Michael Dubin leaves Kennedy High School a $500K legacy


Before the age of iPads and Smartboards, Michael Dubin would stand in front of a classroom of students on the edge of a new millennium and spill the contents of his mind into theirs.

“He was the type of guy who would command the entire class with his lectures,” said Craig Papach, who started working in the Athletics Department at Kennedy 27 years ago and looked up to Dubin as one of the school’s veteran teachers.

Dubin taught social studies at Kennedy High School for 30 years, beginning when the building opened in 1966 and ending when he retired from teaching in 1996.

“He would stand in front of the room and talk,” Papach continued. “And he had every kid captivated.”

It’s been roughly two decades since Dubin walked the halls of Kennedy High School, but his impact will last for generations, said John DeTommaso, the superintendent of the Bellmore-Merrick High School District.

Dubin died last year after retiring to Arizona. In his will, he left roughly $500,000 to Kennedy High School, to be dispersed in two installments. The first, $250,000, was accepted by the Board of Education at its June 7 meeting and the second, $234,845.90, was accepted at the Board’s Jan. 3 meeting.

“It’s just an amazing tribute to the school because Mike spent so much his career there and loved JFK,” DeTommaso said. “It will impact the students for generations.”

The first installment of Dubin’s donation will go toward the creation of the Michael J. Dubin Memorial Scholarship, which will award $2,000 each year to a Kennedy student interested in pursuing history in college. The money will be given to the student in $500 installments over four years.

The second will go toward the renovation of Kennedy’s library, which hasn’t been touched since the school opened roughly 50 years ago. The district renovated Merrick Avenue and Grand Avenue middle schools last year, and planned to do Kennedy next. The library will be named after Dubin and include a section dedicated to his favorite history and political science books.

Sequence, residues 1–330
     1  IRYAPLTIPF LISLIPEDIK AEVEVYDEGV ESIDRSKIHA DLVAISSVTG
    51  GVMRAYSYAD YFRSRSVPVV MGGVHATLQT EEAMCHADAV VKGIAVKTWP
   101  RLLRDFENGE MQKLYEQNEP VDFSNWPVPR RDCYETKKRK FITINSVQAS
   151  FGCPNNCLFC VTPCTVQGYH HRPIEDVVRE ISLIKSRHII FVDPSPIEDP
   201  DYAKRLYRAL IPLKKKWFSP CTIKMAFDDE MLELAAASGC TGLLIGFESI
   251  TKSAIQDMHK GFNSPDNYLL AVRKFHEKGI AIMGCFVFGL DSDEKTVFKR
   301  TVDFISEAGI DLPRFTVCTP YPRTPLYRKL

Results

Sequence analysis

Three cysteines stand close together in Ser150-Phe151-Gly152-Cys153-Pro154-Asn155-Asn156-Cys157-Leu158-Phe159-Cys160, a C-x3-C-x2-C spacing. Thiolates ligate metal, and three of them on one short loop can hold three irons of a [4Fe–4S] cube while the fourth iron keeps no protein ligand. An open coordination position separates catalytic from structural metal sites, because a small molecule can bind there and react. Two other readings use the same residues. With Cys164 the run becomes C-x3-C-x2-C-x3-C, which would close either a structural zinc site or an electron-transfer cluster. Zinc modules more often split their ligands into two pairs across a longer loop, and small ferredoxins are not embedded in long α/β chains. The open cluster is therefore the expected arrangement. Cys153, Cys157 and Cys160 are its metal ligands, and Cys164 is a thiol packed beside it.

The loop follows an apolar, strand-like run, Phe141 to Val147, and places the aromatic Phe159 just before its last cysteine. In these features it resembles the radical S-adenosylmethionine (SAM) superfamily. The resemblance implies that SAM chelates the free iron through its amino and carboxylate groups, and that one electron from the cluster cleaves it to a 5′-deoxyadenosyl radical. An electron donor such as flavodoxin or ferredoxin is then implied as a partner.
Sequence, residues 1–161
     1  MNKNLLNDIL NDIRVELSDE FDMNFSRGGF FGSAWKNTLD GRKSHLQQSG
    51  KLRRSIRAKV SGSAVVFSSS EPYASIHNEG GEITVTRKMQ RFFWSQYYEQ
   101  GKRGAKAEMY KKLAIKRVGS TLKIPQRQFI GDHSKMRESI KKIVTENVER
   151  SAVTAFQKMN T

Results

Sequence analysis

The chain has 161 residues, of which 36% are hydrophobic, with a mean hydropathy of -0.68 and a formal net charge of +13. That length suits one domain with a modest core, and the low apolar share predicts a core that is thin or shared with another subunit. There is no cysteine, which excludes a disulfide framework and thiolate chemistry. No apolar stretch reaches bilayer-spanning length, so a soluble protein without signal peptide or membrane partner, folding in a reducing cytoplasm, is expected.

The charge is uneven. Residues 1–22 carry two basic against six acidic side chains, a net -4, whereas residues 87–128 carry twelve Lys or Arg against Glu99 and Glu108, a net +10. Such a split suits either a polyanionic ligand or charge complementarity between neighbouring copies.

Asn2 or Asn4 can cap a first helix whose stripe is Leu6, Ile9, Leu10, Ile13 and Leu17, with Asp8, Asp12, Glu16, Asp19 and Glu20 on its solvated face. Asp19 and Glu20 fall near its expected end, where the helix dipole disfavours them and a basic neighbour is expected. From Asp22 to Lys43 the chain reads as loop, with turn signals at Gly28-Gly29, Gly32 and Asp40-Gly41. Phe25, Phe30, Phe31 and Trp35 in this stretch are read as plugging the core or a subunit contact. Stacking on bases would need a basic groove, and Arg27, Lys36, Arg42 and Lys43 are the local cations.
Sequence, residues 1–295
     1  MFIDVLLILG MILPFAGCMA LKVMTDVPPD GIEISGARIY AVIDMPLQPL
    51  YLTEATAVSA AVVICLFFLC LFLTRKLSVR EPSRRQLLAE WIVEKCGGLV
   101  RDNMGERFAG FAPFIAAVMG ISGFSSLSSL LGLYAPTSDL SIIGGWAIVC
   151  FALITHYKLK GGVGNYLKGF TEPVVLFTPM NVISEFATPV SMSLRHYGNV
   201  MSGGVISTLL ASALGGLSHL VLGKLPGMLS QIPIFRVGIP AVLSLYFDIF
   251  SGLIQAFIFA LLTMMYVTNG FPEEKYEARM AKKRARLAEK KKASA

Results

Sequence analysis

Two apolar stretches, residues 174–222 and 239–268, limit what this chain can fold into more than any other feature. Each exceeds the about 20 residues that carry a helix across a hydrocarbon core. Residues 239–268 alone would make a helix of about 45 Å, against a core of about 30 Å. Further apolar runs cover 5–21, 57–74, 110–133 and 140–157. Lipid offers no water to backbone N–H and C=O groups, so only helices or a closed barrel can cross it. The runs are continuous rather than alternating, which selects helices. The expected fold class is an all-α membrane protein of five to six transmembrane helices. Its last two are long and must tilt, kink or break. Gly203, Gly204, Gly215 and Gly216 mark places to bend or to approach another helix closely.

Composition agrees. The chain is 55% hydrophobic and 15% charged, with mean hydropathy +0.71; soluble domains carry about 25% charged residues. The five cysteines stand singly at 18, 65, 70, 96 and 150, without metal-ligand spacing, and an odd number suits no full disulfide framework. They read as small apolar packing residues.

Brian DeGaetano, a Kennedy phys. ed. teacher, began teaching in 1994 and, like Papach, also revered Dubin. “I was the youngest guy on staff and Mike took me under his wing,” he said.

In addition to his impact in the classroom, Dubin impacted the way the Bellmore-Merrick district operates, Degaetano said. “The backbone of why our district is so great is the relationships we have [within the community],” he said, adding that Dubin brought educators together by helping create the Bellmore-Merrick United Secondary Teachers, a union.

Each staff member who spoke with the Herald described Dubin as an avid mentor who loved Kennedy High School and the Bellmore-Merrick community.

One of his greatest passions at the school was the wrestling team, and throughout his tenure, he acted as an assistant coach, Degaetano said. He was also the records keeper and provided knowledge about wrestling not only at Kennedy, but also across Nassau County.

In 1973, Dubin wrote a guide to Nassau County wrestling that detailed its history dating back to the 1930s. “There’s stuff in there that you can’t even find online,” DeGaetano, Kennedy’s current coach, said. Even after retiring, Dubin would reach out to DeGaetano to check on the team and send an annual donation.

The $500,000 donation was a surprise to the district, as DeTommaso said that officials were only notified after hearing the news that Dubin had died. However, DeGaetano said that it only made sense for Dubin to contribute in such a way. “He loved Kennedy,” DeGaetano said. “And he loved everyone here.”